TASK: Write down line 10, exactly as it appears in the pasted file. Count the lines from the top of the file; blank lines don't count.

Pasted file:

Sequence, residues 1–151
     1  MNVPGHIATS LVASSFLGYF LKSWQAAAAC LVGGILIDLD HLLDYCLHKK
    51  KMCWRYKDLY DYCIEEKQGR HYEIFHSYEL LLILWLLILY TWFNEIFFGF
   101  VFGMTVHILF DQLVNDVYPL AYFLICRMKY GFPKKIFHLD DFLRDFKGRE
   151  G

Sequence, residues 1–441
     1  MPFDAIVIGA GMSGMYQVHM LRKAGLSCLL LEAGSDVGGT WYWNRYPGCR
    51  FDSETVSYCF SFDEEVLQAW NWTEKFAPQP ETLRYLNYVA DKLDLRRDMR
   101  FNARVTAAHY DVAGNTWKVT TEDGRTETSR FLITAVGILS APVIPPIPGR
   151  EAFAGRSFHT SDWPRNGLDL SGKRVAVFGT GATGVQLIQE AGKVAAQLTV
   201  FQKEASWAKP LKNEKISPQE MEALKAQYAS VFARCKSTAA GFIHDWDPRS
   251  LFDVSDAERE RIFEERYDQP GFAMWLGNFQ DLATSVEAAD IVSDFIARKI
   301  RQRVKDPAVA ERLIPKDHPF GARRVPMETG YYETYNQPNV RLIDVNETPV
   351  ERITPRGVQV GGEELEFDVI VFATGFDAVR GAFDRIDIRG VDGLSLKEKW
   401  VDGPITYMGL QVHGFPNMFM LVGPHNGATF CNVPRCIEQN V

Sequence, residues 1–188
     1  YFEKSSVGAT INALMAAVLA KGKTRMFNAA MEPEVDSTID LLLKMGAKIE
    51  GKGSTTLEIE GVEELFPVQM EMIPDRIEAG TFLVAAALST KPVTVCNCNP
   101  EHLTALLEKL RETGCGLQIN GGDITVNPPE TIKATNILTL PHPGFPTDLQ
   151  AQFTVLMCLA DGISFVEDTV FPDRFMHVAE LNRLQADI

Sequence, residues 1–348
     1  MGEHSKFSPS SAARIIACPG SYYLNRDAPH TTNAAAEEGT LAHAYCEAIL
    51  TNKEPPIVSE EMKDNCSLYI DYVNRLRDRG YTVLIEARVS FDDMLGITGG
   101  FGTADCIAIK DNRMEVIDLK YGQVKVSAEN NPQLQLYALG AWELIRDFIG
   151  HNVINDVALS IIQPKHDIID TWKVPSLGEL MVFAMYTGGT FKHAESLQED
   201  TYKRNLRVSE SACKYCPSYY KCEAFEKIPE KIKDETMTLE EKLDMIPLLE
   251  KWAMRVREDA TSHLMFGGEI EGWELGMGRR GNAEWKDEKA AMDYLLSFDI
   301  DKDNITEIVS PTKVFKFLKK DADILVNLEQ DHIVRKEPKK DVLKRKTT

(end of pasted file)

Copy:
   151  EAFAGRSFHT SDWPRNGLDL SGKRVAVFGT GATGVQLIQE AGKVAAQLTV